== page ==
Play it again for Sam

Heather Neill sees Wanamaker's dream come true at Shakespeare's new Globe.

The young Sam Wanamaker first saw a replica of Shakespeare's Globe theatre at the Chicago World's Fair in 1933. It set him on a path which shaped his life. By the time he died 60 years later, his dream of rebuilding Shakespeare's most famous theatre as near as possible to its original site, on the South Bank of the Thames in Southwark, was well on the way to fulfilment.

The story of his long struggle is told in Barry Day's This Wooden 'O': Shakespeare's Globe Reborn (Oberon Books Pounds 19.99). Day's narrative is quirky to the point of causing irritation, much given to exclamation marks and "suitable" Shakespearean quotations; a firmer editorial hand might have streamlined the organisation of the copious material. Nevertheless, this is a story of passionate determination which can't help but inspire the reader.

Wanamaker, the American actor who had fallen foul of McCarthyism at home, found himself pitted against the labyrinthine ways of the British legal and local government establishment. He was - and Day is quite open about this - impetuous, sometimes difficult, often ludicrously optimistic about money, yet, partly because of these qualities, he eventually succeeded.

Southwark councillors, once his adversaries, became wholehearted supporters and young people from local schools have already benefited from years of imaginative education projects. Now that the theatre is open for its Prologue season, 75 free places are allocated to local groundlings at each performance.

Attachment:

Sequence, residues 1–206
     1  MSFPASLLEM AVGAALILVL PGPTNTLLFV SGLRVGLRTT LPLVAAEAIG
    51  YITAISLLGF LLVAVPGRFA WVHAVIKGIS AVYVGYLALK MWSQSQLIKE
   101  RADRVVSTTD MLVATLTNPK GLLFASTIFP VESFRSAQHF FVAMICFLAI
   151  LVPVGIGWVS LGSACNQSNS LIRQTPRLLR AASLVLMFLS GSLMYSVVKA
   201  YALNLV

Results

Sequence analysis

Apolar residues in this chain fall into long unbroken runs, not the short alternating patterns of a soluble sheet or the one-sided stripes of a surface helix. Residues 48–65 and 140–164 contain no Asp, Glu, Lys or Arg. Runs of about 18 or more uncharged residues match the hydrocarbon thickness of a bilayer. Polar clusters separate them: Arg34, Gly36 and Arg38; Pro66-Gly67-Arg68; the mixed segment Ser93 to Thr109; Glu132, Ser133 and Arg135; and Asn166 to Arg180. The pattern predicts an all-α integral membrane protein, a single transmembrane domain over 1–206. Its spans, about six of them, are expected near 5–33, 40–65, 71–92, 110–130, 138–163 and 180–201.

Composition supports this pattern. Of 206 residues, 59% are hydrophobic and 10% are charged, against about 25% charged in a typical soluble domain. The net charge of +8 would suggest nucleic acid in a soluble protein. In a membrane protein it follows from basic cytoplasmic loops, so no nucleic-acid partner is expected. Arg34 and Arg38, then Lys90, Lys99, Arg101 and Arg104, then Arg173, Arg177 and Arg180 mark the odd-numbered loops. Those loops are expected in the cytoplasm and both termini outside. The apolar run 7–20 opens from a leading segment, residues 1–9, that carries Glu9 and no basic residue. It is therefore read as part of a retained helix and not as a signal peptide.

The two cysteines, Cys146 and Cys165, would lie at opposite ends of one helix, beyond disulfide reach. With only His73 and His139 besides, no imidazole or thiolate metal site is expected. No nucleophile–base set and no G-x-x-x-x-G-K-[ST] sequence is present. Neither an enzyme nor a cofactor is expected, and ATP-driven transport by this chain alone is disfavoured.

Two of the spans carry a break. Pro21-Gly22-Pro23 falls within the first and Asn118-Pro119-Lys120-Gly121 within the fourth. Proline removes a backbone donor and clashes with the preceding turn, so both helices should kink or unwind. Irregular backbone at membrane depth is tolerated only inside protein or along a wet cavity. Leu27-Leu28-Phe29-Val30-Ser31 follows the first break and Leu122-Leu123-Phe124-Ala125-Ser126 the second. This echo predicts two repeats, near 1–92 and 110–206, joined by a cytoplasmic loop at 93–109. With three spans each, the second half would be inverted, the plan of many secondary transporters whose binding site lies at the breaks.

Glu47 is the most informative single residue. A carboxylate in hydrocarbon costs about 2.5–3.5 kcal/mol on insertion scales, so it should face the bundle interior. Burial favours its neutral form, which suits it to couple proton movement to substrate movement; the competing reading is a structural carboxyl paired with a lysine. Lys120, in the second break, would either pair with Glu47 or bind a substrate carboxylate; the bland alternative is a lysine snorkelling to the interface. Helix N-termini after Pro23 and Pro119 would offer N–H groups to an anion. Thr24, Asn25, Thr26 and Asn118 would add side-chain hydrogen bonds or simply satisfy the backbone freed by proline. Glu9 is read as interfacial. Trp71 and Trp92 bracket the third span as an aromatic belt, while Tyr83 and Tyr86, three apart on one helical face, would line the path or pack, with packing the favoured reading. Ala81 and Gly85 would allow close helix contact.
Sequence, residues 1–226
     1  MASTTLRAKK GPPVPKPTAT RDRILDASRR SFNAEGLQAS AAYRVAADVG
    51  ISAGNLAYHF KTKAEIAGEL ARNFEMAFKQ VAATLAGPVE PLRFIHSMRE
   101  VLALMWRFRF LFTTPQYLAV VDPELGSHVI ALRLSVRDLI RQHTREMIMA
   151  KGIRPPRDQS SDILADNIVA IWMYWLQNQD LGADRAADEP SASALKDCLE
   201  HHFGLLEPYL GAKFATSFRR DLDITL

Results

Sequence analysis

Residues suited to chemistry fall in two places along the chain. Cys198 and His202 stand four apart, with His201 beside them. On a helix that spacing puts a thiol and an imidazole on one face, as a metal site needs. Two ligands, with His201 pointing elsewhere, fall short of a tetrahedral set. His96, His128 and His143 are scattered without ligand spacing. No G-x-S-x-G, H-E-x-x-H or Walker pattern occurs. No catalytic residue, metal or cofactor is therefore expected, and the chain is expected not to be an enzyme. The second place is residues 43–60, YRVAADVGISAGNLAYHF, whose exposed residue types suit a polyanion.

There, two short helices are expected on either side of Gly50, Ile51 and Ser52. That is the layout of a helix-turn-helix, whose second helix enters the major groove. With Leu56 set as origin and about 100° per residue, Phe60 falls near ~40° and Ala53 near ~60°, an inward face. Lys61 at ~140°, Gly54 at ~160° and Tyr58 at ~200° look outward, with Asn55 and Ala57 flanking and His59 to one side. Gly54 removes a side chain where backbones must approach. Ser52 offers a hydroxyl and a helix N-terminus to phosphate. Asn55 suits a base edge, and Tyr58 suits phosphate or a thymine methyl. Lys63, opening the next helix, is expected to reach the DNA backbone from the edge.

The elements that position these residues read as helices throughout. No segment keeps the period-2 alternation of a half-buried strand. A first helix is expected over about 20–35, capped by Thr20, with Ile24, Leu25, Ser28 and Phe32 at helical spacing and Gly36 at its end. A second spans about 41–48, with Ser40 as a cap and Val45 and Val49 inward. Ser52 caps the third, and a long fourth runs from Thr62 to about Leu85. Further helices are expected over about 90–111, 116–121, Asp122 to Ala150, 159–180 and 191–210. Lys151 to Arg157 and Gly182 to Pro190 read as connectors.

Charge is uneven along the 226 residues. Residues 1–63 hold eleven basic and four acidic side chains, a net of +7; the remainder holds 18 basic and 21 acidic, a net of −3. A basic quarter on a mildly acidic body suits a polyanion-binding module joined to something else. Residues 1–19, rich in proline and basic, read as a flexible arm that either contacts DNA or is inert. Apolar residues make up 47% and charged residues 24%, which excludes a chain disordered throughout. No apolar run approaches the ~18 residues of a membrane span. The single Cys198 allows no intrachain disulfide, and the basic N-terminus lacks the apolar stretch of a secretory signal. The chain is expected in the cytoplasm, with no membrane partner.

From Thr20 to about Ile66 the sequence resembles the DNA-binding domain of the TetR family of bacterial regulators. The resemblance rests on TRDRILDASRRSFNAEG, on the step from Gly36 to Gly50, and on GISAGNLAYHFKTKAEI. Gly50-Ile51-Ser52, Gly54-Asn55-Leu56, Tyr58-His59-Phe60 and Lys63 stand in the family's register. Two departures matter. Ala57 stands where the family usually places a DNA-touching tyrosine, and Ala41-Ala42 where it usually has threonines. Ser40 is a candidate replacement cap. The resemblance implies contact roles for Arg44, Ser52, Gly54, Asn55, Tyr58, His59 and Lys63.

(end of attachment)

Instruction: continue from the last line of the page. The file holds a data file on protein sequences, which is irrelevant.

The building itself, the changing plans for which are painstakingly chronicled by Mr Day, will always spark debate. No one can guarantee its "authenticity" and further questions must be asked about whether it is desirable, let alone possible, to recreate performances such as Shakespeare would have known. The first Globe was built of wood from the Theatre, a "hall" playhouse, rushed across the river out of the jurisdiction of the city fathers in December 1598. It was destroyed in 1613 when a stage cannon set the thatch alight during a performance of Henry VIII, immediately rebuilt but closed by the Puritans in 1642, and dismantled two years later.

The modern replica, the first new thatched building to be allowed in London since the Great Fire, has some 20th-century features including fire precautions. Nevertheless, it provides an excitingly different experience for contemporary audiences, whether or not they want to heckle and banter with the actors. There is an intimate relationship between stage and spectators, which can be compared with Day's atmospheric picture of Elizabethan theatre-going.

The first full production in this Prologue season - the stage is still a temporary one and final decisions about its structure have yet to be made - is Two Gentlemen of Verona, with the first artistic director, Mark Rylance, as Proteus. It is an ensemble piece without a showy main part. Rylance describes it as "one of the starting places, the second play in the Folio, arguably the first comedy, with one of the earliest performance records and many of the qualities and themes developed in later comedies."

The Globe's production is straightforward, uncluttered, in modern dress. This may constitute a disappointment for some, but at least it immediately deals with a common criticism: that the Globe will lead to Tudor-Disney productions. And the comic dog is a treat for any period.

Tickets: 0171 401 9919. Until September 15.

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